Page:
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Kentucky Senate President Suggests ‘Austere’ Measures In State Budget


Less than a week before Gov. Matt Bevin gives his formal state budget proposal, Republican Senate President Robert Stivers, Bevin’s ally, gave an ominous prediction.

“I think this budget that will be introduced and proposed by the executive branch will be one of the most austere budgets that I’ve seen in my 20 years in the General Assembly,” Stivers said Wednesday on the Senate floor.

Bevin, a Republican, suggested just as much when he was campaigning, saying that the state would have to undergo “belt-tightening across the board” during a debate on KET.

At issue are mounting obligations in the state pension systems and Medicaid program. The Kentucky Teacher Retirement Systems has requested about $1 billion in additional contributions from the state to meet its obligations to retirees. Meanwhile, the state will have to start paying an increased share of a Medicaid program that was expanded and now covers an additional 400,000 Kentuckians. That’s expected to cost $250 million in 2017.

Democratic House Speaker Greg Stumbo took a slightly more optimistic position, saying that the state is predicted to rake in more revenue over the next two years.

“There are new dollars flowing into the state’s coffers,” Stumbo said.

Bevin’s predecessor, Democratic Gov. Steve Beshear, predicted 2.9 percent growth in fiscal year 2017 and 2.4 percent growth in 2018, plus about a $242.3 million surplus at the end of the current fiscal year.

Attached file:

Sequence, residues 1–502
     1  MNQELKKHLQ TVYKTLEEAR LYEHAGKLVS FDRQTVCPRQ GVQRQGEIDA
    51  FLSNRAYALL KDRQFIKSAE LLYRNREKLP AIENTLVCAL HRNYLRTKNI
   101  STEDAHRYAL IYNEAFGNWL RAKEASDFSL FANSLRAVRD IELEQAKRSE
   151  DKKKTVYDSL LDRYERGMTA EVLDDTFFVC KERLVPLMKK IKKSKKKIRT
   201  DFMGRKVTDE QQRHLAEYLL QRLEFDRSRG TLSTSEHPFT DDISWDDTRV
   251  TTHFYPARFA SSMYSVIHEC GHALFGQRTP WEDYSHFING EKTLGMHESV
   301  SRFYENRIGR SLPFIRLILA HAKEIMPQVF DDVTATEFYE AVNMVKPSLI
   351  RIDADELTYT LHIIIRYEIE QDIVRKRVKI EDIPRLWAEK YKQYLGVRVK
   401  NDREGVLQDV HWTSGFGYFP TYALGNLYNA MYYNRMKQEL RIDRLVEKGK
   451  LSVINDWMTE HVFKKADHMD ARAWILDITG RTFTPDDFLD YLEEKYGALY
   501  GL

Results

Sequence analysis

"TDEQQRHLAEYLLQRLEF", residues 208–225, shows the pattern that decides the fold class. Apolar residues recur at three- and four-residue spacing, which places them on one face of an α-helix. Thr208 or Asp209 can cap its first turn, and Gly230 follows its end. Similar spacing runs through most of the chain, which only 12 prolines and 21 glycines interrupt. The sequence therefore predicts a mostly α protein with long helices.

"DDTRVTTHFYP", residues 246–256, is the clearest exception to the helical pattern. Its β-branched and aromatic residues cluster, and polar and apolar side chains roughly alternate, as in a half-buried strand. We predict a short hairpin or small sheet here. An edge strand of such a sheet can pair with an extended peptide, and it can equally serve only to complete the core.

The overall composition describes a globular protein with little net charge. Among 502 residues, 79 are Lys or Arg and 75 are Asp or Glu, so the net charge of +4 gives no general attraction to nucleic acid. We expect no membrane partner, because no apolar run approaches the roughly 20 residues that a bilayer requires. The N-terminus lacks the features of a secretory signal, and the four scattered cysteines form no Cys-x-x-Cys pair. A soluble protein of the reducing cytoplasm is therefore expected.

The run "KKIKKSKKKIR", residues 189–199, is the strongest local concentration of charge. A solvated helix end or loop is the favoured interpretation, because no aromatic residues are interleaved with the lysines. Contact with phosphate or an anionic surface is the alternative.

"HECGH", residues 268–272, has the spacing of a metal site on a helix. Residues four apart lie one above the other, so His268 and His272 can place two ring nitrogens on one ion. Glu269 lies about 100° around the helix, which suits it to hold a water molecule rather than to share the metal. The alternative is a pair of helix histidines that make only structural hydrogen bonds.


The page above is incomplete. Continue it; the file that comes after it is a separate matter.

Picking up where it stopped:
But on Wednesday, Stivers said it wouldn’t be enough. He said Bevin’s budget could mean cuts to state programs, freezing pay raises and a halt on new building projects.

“There are going to be tough, tough decisions made because the bill has come due,” Stivers said.

Meanwhile, Bevin sent an email to state employees on Tuesday, asking for feedback on how his administration could “be better stewards of the public resources.”

Bevin’s State of the Commonwealth Budget Address will be at 7 p.m. Tuesday.

Ryland Barton is the Managing Editor for Collaboratives. He's covered politics and state government for NPR member stations KWBU in Waco and KUT in Austin. He has a bachelor's degree from the University of Chicago and a master's degree in journalism from the University of Texas. He grew up in Lexington.

Email Ryland at
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